Thomson Reuters announced a range of strategic enhancements to its Accelus BoardLink service, a secure board workflow solution designed to serve companies as they operate across borders and involve increasingly mobile, global boards. The boards of public companies face heightened scrutiny from investors, regulators, and the media, and are therefore increasingly reliant on technology for support and assistance.
Leaving the house in the morning may seem simple, but with every move we make, our brains are working to create maps of the outside world that allow us to navigate and remember where we are. Ultimately, the brain constructs its own pinpoint geographical chart that is far more precise than anything you'd find on Google Maps. But just how neurons make these maps of space has fascinated scientists for decades. Until now.
You get into your car and ask it to get you home in time for the start of the big game, stopping off at your favorite Chinese restaurant on the way for takeout. But the car informs you that the road past the Chinese restaurant is closed for repairs, and you will have to choose a different place. You select a nearby Korean restaurant from the options the car suggests. Autonomous devices could soon collaborate with humans in this way.
Intel's chief operating officer, Brian Krzanich, will become its next CEO in two weeks, tasked with steering the world's largest chipmaker through an industry shake-up that is seeing tablets and smartphones overshadow Intel's base in personal computers.
Researchers at Washington University in St. Louis, using powerful algorithms developed by computer scientists at Brown University, have assembled the most complete genetic profile yet of acute myeloid leukemia, an aggressive form of blood cancer.
Even without certification by Guinness World Records, it would be easy to believe a short, 250-frame film recently created by an IBM Research team is the world’s smallest. Named “A Boy and His Atom,” the movie was created by precisely placing thousands of atoms using a scanning tunneling microscope. This type of atomic-level control is the result of years of efforts by IBM to determine the lower limits for storing data.
By using light, researchers at University of California, Santa Barbara have manipulated the quantum state of a single atomic-sized defect in diamond—the nitrogen-vacancy center—in a method that not only allows for more unified control than conventional processes, but is more versatile, and opens up the possibility of exploring new solid-state quantum systems.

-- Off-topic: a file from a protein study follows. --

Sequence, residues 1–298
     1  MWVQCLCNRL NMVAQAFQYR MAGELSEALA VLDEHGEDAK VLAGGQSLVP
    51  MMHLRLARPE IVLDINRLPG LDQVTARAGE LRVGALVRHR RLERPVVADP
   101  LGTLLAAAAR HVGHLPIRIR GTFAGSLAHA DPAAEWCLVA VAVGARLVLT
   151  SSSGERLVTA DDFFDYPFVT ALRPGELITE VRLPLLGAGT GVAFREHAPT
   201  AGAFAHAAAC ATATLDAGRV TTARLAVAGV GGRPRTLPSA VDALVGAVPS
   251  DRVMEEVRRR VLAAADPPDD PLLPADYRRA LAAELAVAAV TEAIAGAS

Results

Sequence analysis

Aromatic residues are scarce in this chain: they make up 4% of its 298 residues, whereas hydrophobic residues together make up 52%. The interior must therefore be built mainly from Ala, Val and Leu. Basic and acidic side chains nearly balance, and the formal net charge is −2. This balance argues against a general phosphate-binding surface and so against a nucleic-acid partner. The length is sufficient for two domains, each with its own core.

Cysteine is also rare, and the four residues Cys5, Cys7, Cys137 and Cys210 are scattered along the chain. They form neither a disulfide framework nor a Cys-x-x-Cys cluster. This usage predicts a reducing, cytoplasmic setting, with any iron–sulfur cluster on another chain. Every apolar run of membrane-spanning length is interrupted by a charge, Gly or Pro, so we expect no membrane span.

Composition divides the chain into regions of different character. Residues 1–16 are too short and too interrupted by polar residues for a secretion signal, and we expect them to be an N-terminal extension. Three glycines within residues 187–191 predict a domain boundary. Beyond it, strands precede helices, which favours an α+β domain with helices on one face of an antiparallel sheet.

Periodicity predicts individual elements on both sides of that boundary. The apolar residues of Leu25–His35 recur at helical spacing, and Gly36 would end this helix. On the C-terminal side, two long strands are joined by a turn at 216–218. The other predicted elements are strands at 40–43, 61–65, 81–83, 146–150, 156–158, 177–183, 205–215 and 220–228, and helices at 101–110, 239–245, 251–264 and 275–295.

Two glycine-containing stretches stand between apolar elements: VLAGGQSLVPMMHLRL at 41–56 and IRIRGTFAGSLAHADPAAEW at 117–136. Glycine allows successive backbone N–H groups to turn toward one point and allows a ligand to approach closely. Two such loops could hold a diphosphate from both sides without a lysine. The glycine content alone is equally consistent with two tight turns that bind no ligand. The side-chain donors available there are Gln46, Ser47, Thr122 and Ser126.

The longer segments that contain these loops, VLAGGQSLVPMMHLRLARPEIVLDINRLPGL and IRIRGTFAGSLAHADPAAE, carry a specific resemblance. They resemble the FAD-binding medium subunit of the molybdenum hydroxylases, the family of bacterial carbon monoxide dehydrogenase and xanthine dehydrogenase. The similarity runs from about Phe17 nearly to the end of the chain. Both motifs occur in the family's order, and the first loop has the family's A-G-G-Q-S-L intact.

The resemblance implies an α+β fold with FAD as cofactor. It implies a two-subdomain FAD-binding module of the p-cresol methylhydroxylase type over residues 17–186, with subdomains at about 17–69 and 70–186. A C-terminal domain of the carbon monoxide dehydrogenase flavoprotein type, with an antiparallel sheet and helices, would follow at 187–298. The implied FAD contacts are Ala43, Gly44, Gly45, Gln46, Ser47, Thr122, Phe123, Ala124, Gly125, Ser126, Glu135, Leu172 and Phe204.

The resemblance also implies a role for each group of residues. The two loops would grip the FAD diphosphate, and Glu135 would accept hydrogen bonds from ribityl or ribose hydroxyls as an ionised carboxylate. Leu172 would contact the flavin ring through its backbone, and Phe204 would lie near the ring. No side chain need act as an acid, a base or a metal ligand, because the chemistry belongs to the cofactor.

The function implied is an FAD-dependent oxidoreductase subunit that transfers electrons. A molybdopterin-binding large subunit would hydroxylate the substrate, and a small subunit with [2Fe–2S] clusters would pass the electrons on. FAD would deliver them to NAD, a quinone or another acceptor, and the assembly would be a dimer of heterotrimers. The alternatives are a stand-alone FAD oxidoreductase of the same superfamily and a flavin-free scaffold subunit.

By bouncing eye-safe laser pulses off a mirror on a hillside, researchers at NIST have transferred ultraprecise time signals through open air with unprecedented precision equivalent to the "ticking" of the world's best next-generation atomic clocks. The demonstration shows how next-generation atomic clocks at different locations could be linked wirelessly to improve distribution of time and frequency information.
Simply sending children with asthma a text message each day asking about their symptoms and providing knowledge about their condition can lead to improved health outcomes. In a study, pediatric patients who were asked questions about their symptoms and provided information about asthma via SMS text messages showed improved pulmonary function and a better understanding of their condition within four months.
It's not a "Star Trek" tricorder, but by hooking a variety of gadgets onto a smartphone you could almost get a complete physical—without the paper gown or even a visit to the doctor's office. Blood pressure? Just plug the arm cuff into the phone for a quick reading. Heart okay? Put your fingers in the right spot, and the squiggly rhythm of an EKG appears on the phone's screen.
An international research team led by astronomers from the Max Planck Institute for Radio Astronomy used a collection of large radio and optical telescopes to investigate in detail a pulsar that weighs twice as much as the sun. This neutron star, the most massive known to date, has provided new insights into the emission of gravitational radiation and serves as an interstellar laboratory for general relativity in extreme conditions.
It’s often said that we live in an age of increased specialization. But in a series of recent papers, researchers have shown that, in a number of different contexts, a little versatility can go a long way. Their theoretical analyses could have implications for operations management, cloud computing—and possibly even health care delivery and manufacturing.
Computer simulations conducted in Germany have shown that the reduction of natural dental wear might be the main cause for widely spread non-carius cervical lesions—the loss of enamel and dentine at the base of the crown—in our teeth. The discovery was made by examining the biomechanical behavior of teeth using finite element analysis methods typically applied to engineering problems.